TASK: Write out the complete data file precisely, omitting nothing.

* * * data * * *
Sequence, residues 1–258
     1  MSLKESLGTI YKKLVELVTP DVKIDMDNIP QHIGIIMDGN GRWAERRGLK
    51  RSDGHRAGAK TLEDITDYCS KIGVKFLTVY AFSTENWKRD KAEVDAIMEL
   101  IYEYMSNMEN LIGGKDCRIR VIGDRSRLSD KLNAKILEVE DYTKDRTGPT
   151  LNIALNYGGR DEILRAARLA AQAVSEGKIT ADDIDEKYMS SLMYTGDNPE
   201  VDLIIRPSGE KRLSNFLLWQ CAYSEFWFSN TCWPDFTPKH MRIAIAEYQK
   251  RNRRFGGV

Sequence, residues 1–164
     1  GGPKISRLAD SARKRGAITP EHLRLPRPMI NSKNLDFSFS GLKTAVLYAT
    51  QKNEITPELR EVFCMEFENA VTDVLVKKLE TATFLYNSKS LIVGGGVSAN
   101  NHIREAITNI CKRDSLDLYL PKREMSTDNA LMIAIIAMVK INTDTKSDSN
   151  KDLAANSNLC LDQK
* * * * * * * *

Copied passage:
Sequence, residues 1–258
     1  MSLKESLGTI YKKLVELVTP DVKIDMDNIP QHIGIIMDGN GRWAERRGLK
    51  RSDGHRAGAK TLEDITDYCS KIGVKFLTVY AFSTENWKRD KAEVDAIMEL
   101  IYEYMSNMEN LIGGKDCRIR VIGDRSRLSD KLNAKILEVE DYTKDRTGPT
   151  LNIALNYGGR DEILRAARLA AQAVSEGKIT ADDIDEKYMS SLMYTGDNPE
   201  VDLIIRPSGE KRLSNFLLWQ CAYSEFWFSN TCWPDFTPKH MRIAIAEYQK
   251  RNRRFGGV

Sequence, residues 1–164
     1  GGPKISRLAD SARKRGAITP EHLRLPRPMI NSKNLDFSFS GLKTAVLYAT
    51  QKNEITPELR EVFCMEFENA VTDVLVKKLE TATFLYNSKS LIVGGGVSAN
   101  NHIREAITNI CKRDSLDLYL PKREMSTDNA LMIAIIAMVK INTDTKSDSN
   151  KDLAANSNLC LDQK